Why visit the Vouraikos Gorge?
The spectacular scenery
The abundance of wildlflowers – including a few found only in Greece, and one found only in the Gorge itself.
A variety of birds, mammals, reptiles, amphibians, butterflies, and other insects.
The heritage railway and the Mega Spilio Monastery
There are two ways to see the Vouraikos Gorge – either you walk through it, or take the train. Or perhaps you take the train, and spend a couple of hours wandering around near each station until the next train comes. The latter is probably best done at weekends when there are five trains each way a day, rather than the three on weekdays.
Beginning near the village of Priolithos in the Aroania/Chelmos mountains, the Vouraikos river flows some 40km past the towns of Kalavryta and Diakopto to the Gulf of Corinth. The gorge itself is the last half of this journey, where the river has cut through limestone and conglomerates, and now passes through dense vegetation and tunnels with many caves, passes and crags.
Legend has it that the name derives from Boura, a mythological daughter of Ion and Helice. She was courted by Hercules who opened the gorge in order to get closer to her.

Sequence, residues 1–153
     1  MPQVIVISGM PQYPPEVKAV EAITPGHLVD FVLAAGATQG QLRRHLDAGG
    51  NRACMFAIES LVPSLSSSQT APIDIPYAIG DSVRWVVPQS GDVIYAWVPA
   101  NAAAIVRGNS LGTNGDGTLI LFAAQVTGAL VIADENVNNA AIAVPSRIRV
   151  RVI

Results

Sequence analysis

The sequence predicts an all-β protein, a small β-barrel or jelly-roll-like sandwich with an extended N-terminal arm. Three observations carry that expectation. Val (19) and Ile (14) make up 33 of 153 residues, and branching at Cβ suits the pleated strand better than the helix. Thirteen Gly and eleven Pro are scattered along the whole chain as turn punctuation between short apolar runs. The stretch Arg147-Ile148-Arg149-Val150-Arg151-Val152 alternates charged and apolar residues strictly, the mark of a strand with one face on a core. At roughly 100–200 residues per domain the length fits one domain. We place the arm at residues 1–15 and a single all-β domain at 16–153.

The river and gorge and part of the National Park of Chelmos-Vouraikos, which was established in 2009 to preserve the biodiversity, the natural resources, and the ecological value of the natural ecosystems in the area. The steep sides of the gorge provide a myriad of micro-climates, with plenty of opportunity for plants to evolve into endemic species, and for scarce animals to find refuge.
The endemic plants include Silene conglomeratica (endemic to the gorge), Aurinia moreana, and Campanula topaliana subsp. cordifolia (pictured left).
Otters Lutra lutra hunt along the river. Bats (Miniopterus sehreibasi, Myotis blythii, Myotis myotis, Rhinolophus blasii, Rhinolophus ferrumequinum) also live in the caves and the rock crevices.
Several birds of prey nest on the rock ledges higher up.
The railway line dates from the 1890s. Charilaos Trikinos was the Greek prime minister at the time, and he wanted to create local railway networks to connect the interior regions with the main railway. These local railways were to be narrow gauge, because small trains were better suited to the mountainous country and were cheaper to construct. It also meant that, using a cog system, the trains could negotiate steeper inclines. This railway climbs 750m in its 20km journey. Since it was inaugurated on 10th March 1896, the trains have run every day, regardless of the weather (although parts of the line were closed for refurbishment when I visited).
The E4 European long distance footpath starts in Portugal and runs through the Alps before turning south through the Balkans and ending in Cyprus. It makes use of existing routes, including the railway line through the Vouraikos Gorge. That means that with some careful planning, and keeping an eye and ear out for trains, it is possible to take nature walks within the gorge.